the first string will end in an unpaired high surrogate. The conversion of
the second string will start with an unpaired low surrogate. The two, when
concatenated, will form a valid UTF-16 encoding of a non-BMP character.
Where is the issue here?


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Re: What happened to Boost.Nowide?

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On Tue, Jan 7, 2020 at 5:16 PM Peter Dimov via Boost <[hidden email]>
wrote:

> Gavin Lambert wrote:
> > But the conversion from WTF-8 to UCS-16 can interpret the joining point
> as
> > a different character, resulting in a different sequence.  Unless I've
> > misread something, this could occur if the first string ended in an
> > unpaired high surrogate and the second started with an unpaired low
> > surrogate (or rather the WTF-8 equivalents thereof).
>
> I don't see why do you think this would present a problem. The conversion
> of
> the first string will end in an unpaired high surrogate. The conversion of
> the second string will start with an unpaired low surrogate. The two, when
> concatenated, will form a valid UTF-16 encoding of a non-BMP character.
> Where is the issue here?
>

That's my point essentially. However Gavin refers to the fact that the
current WTF-8 spec explicitly says that an encoding of high/low surrogate
pairs is invalid in WTF-8.

For example

UTF-16: d83d de09

should be encoded as

WTF-8: f0 9f 98 89

But if one "UTF-16" string ended in d83d and the other in de09,
concatenating in WTF-8 would yield

"Invalid WTF-8": ed a0 bd ed b8 89

The spec explicitly prohibits this. The rationale behind this is to have a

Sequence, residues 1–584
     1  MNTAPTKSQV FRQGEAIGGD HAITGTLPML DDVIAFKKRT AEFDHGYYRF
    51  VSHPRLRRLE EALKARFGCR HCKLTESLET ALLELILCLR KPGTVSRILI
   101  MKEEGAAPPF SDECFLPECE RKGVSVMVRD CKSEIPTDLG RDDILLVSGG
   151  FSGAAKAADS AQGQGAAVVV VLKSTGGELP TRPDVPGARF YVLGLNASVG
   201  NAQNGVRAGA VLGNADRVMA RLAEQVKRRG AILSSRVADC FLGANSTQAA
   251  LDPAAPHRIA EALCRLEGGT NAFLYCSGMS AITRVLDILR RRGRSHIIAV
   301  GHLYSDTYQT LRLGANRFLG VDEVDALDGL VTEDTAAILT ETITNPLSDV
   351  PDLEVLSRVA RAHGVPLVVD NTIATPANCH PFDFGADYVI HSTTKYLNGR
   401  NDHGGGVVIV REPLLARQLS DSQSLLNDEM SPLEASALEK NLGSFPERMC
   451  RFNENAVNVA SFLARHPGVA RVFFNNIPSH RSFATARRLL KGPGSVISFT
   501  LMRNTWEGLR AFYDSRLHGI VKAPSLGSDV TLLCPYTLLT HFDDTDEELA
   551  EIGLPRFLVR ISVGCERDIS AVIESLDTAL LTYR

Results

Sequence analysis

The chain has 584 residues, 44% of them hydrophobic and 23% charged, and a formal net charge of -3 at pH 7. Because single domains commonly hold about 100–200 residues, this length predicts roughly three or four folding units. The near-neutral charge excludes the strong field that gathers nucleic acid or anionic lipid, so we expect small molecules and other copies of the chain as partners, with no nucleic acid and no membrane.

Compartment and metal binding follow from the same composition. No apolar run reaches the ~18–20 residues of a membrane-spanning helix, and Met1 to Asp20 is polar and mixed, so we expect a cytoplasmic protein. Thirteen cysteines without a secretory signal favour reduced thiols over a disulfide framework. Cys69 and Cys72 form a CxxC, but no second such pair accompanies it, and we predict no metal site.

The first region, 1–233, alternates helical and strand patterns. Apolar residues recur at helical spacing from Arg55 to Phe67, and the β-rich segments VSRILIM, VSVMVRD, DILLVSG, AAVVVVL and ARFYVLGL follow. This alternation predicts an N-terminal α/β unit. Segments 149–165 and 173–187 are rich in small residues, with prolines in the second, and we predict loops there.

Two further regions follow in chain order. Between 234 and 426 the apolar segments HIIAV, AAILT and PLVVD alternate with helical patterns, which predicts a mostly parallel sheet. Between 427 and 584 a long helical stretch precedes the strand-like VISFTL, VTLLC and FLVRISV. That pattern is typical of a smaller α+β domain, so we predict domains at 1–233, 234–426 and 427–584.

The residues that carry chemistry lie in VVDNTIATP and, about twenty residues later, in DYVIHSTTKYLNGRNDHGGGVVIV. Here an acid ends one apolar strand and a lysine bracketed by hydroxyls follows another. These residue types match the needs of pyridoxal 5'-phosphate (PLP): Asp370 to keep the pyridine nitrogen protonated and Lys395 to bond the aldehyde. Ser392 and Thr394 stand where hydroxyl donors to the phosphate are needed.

unique representation of any "UTF-16" stream, just like UTF-8 requires
shortest representations. It might be important for security reasons if
you're going to compare those "invalid WTF-8" strings, but it is not an
issue if the next thing you do is converting them back to UTF-16.

--
Yakov Galka
http://stannum.co.il/

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Re: What happened to Boost.Nowide?

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Yakov Galka wrote:

> That's my point essentially. However Gavin refers to the fact that the
> current WTF-8 spec explicitly says that an encoding of high/low surrogate
> pairs is invalid in WTF-8.

Ah that.

Yes, concatenating two character sequences can result in technically invalid
WTF-8. But that's not an issue unique to Windows. You can do the same on any
non-Windows platform. It's still not clear how this prevents a `path` class
from storing ~WTF-8 on Windows, or exposing a char-based API that ~WTF-8
decodes when passing to Windows, and encodes on the reverse trip.


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Re: What happened to Boost.Nowide?